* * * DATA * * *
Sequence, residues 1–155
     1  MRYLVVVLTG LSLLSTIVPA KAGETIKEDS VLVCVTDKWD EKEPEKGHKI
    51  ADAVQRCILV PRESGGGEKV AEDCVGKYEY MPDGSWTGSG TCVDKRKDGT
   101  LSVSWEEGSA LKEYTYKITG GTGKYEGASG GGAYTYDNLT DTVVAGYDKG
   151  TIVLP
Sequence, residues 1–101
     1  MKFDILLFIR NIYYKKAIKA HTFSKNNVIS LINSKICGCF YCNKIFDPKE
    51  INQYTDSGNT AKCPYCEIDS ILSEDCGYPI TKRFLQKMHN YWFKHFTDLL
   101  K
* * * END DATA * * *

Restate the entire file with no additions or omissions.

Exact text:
Sequence, residues 1–155
     1  MRYLVVVLTG LSLLSTIVPA KAGETIKEDS VLVCVTDKWD EKEPEKGHKI
    51  ADAVQRCILV PRESGGGEKV AEDCVGKYEY MPDGSWTGSG TCVDKRKDGT
   101  LSVSWEEGSA LKEYTYKITG GTGKYEGASG GGAYTYDNLT DTVVAGYDKG
   151  TIVLP
Sequence, residues 1–101
     1  MKFDILLFIR NIYYKKAIKA HTFSKNNVIS LINSKICGCF YCNKIFDPKE
    51  INQYTDSGNT AKCPYCEIDS ILSEDCGYPI TKRFLQKMHN YWFKHFTDLL
   101  K